“The Bear Came Over The Mountain” is the story of Grant and Fiona, who have been married for fifty years when Fiona is diagnosed with Alzheimer’s. After some time, Fiona is admitted to Meadowlake, a nursing home that has the policy of not allowing visits during a patient’s first month there, so that they can settle in undisturbed. When Grant is finally allowed to visit her, he realizes that Fiona no longer recognizes him, and seems to have transferred all her affection to another patient. I think that, from this premise alone, it is easy to imagine how touching this story is. There is a certain quietness, a certain restraint to the writing that only increases the story’s emotional power. Nothing is overstated; things are described very matter-of-factly. I am very very interested in seeing how this story works as a movie.

Thanks to Andi, I read Ray Bradbury’s brilliant post-apocalyptic story “August 2026: There Will Come Soft Rains”. I don’t know what to say about it that won’t be a huge spoiler. It’s quintessential Bradbury – the writing is wonderful, it’s very disturbing (hint: there are no human characters) and it’s equally thought-provoking. The title is taken from a Sara Teasdale poem that is included in the story and fits it perfectly. The story is quite short, so if you have a few minutes to spare I urge you to read it. You won’t regret it.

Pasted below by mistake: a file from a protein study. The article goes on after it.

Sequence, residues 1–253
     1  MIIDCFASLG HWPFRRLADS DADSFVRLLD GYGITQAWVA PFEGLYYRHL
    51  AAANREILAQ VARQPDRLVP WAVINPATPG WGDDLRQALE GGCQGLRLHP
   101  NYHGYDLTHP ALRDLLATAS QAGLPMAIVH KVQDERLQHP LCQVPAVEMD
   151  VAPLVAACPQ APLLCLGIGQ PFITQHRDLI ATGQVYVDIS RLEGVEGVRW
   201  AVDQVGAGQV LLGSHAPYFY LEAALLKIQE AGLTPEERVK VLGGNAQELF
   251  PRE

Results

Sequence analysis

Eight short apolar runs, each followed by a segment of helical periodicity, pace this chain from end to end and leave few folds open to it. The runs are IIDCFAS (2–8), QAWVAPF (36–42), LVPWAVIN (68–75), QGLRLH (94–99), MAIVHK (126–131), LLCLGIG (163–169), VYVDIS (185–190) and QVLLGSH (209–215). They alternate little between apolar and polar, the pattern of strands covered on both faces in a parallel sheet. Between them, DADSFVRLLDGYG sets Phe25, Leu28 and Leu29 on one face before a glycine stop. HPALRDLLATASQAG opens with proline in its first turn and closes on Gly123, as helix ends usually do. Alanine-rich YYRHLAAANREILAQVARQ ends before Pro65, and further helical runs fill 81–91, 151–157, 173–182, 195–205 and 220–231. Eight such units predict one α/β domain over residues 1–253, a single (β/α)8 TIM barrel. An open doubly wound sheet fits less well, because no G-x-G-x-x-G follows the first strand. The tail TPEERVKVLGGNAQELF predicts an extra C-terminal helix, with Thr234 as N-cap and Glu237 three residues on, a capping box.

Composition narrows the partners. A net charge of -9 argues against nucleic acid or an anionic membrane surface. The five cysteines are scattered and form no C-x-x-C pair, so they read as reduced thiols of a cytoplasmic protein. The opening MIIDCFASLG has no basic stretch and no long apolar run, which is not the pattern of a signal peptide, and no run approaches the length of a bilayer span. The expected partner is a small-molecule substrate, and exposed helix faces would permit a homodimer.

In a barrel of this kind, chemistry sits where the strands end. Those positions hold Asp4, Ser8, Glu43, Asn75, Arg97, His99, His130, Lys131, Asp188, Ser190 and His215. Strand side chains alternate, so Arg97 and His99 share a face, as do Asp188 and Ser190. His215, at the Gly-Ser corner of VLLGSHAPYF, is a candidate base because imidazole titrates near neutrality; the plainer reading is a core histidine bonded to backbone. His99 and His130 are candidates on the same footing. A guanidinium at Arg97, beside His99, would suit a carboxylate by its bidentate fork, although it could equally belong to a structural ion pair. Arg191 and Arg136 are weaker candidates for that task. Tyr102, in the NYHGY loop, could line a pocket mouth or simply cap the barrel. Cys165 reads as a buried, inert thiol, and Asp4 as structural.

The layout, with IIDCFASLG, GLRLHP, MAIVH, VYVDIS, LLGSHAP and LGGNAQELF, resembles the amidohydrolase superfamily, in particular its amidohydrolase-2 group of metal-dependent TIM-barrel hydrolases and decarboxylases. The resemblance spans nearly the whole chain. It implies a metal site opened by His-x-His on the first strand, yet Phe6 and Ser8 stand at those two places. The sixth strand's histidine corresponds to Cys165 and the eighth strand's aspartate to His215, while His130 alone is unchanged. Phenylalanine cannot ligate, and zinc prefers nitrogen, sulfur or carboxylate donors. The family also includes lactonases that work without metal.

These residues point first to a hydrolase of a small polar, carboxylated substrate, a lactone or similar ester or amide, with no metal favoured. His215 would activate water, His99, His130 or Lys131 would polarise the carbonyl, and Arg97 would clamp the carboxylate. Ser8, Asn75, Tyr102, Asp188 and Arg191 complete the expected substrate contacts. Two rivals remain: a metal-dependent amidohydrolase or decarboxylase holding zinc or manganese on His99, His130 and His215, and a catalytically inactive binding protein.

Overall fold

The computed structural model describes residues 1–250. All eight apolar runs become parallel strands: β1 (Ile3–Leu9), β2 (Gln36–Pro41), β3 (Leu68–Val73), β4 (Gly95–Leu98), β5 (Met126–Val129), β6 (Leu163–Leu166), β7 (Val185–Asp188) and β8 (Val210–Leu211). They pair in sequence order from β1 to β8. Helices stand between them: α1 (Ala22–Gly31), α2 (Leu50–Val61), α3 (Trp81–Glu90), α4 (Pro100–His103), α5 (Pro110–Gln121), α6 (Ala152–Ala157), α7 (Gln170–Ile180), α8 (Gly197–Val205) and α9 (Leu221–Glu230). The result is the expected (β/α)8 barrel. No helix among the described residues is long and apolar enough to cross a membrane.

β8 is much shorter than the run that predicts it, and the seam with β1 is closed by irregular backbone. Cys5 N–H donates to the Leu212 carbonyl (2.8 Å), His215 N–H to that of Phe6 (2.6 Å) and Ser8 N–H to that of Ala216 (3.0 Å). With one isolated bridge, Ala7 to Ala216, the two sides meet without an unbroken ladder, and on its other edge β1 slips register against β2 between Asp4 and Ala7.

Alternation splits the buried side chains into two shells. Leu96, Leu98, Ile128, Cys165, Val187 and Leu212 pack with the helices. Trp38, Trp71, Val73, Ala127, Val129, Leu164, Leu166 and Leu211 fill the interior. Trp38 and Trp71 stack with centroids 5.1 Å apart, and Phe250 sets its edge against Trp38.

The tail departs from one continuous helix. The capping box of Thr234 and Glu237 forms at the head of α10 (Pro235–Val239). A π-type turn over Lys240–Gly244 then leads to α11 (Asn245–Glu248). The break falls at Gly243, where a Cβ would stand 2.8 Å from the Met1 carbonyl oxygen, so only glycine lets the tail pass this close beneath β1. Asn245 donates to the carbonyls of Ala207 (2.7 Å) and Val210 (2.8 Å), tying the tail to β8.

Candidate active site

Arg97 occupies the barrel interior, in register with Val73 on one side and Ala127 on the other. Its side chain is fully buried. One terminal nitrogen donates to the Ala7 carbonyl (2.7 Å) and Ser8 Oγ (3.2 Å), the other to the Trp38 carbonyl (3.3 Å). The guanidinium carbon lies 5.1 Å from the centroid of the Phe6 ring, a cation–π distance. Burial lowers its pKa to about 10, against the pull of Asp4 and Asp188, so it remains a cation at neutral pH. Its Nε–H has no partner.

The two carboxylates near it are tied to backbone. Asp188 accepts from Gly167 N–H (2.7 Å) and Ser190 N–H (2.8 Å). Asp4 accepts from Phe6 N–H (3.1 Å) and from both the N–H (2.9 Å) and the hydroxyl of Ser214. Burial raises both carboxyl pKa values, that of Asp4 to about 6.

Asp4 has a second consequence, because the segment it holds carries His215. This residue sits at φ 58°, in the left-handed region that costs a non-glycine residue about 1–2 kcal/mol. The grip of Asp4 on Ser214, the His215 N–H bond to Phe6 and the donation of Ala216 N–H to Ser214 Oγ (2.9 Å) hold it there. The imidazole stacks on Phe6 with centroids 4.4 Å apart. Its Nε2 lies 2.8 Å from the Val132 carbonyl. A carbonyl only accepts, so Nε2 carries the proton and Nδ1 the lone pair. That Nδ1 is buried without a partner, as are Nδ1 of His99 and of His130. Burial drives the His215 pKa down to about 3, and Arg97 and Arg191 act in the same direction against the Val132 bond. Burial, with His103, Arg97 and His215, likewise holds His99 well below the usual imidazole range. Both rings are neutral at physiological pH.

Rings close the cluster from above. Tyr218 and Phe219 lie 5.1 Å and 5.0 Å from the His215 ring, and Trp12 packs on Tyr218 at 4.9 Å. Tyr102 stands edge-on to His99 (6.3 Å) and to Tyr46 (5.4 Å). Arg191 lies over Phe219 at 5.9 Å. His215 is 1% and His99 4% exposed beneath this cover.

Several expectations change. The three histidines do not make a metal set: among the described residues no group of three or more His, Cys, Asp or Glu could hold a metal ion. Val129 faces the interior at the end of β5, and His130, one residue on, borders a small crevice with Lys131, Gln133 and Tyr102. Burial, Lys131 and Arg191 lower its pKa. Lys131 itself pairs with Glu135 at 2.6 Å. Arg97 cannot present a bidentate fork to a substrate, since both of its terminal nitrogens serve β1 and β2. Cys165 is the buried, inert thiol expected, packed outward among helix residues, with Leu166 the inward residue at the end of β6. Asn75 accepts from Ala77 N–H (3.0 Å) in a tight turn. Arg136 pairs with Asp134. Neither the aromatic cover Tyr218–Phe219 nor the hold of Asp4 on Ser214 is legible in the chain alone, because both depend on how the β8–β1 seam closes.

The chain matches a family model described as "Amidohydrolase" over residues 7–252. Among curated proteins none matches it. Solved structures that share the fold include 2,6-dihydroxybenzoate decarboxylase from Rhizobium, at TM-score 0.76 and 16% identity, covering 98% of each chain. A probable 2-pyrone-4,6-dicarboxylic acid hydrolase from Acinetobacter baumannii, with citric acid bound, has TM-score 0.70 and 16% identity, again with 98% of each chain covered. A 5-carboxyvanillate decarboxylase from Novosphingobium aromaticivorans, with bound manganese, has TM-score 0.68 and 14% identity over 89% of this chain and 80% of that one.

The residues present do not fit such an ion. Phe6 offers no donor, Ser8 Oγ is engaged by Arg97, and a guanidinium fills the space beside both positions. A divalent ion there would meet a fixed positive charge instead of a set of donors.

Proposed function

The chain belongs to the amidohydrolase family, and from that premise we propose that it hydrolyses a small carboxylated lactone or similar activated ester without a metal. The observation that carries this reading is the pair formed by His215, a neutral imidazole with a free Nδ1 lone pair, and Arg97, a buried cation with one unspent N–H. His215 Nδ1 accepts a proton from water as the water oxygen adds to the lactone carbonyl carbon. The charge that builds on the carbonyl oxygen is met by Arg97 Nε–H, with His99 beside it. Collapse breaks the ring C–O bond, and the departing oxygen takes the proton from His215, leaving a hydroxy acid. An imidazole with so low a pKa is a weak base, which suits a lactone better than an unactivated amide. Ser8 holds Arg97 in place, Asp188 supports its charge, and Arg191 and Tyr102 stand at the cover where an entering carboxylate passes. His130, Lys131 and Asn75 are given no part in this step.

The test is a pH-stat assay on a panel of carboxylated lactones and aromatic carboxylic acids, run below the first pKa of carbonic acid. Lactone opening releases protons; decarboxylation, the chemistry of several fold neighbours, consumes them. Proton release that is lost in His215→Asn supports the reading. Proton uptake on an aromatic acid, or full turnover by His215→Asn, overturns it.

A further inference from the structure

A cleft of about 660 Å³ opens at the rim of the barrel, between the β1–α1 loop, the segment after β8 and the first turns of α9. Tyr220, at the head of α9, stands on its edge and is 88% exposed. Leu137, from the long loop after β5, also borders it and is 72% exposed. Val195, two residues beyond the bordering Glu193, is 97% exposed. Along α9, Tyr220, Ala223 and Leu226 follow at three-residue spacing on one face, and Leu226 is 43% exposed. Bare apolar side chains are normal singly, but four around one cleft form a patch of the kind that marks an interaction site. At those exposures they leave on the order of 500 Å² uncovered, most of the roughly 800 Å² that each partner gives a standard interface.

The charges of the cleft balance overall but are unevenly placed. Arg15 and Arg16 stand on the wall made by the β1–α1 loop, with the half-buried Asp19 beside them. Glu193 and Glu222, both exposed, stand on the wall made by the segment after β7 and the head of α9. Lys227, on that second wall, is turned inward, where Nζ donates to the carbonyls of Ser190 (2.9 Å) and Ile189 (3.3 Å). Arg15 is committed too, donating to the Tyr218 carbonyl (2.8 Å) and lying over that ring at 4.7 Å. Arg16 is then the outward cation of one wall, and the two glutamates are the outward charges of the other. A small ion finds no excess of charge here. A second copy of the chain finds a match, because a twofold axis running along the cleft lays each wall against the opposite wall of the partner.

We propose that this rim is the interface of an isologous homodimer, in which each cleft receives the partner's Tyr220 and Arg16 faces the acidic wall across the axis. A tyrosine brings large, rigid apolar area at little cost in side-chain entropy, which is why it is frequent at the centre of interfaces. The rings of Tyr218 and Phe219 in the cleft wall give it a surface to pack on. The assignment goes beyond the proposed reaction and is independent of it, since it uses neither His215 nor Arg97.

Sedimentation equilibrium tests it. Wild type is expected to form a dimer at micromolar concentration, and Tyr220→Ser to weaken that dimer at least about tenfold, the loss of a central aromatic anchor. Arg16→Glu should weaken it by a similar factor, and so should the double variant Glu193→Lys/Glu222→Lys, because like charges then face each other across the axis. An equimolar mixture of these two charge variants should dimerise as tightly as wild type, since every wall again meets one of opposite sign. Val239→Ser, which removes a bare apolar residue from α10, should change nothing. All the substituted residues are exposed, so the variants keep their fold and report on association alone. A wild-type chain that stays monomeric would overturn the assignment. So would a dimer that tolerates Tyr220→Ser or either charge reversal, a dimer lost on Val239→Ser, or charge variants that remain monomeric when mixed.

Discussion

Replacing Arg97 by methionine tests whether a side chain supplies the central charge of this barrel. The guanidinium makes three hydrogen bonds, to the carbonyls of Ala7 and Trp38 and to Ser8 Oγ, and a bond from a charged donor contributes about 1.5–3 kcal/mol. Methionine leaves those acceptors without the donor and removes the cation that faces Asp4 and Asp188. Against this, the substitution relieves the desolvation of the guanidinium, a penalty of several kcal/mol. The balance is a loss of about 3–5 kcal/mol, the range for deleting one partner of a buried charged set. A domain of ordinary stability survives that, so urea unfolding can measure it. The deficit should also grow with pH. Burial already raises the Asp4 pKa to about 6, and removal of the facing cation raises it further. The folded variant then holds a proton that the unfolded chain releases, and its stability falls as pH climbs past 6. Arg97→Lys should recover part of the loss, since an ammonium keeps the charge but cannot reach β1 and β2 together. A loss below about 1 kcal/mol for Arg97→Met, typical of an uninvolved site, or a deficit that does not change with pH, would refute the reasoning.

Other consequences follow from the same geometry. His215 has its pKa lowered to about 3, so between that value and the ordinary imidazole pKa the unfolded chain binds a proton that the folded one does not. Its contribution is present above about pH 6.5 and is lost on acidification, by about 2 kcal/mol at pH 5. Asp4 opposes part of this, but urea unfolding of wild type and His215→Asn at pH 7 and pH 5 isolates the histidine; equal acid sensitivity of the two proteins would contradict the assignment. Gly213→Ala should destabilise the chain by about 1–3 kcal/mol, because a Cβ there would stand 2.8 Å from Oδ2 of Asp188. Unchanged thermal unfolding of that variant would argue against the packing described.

Finally, I concluded my short story mini-marathon with “A Collegiate Casting-Out of Devilish Devices” by Terry Pratchett. This is a 2005 Discworld short story that for some reason had completely escaped my attention until a few days ago. The story describes a staff meeting at Unseen University, in which the wizards are asked what it is, exactly, that they do. I think that anyone familiar with the academic world will find that the story rings a bell.

And speaking of Terry Pratchett, I didn’t think it would be possible, but my respect and admiration for him continue to grow. Click here. Then scroll down and read his speech.


  1. What a speech...I hope it does some good. I cannot for the life of me begin to imagine the courage it must take to get through each day knowing that you have Alzheimers.

    You know, I'm not sure that I've ever heard of Alice Munro before. I definitely want to go read "The Bear Came Over the Mountain" now...sounds like quite the emotional read. And I will definitely be checking out the Bradbury story as well. Thanks for the links, Nymeth!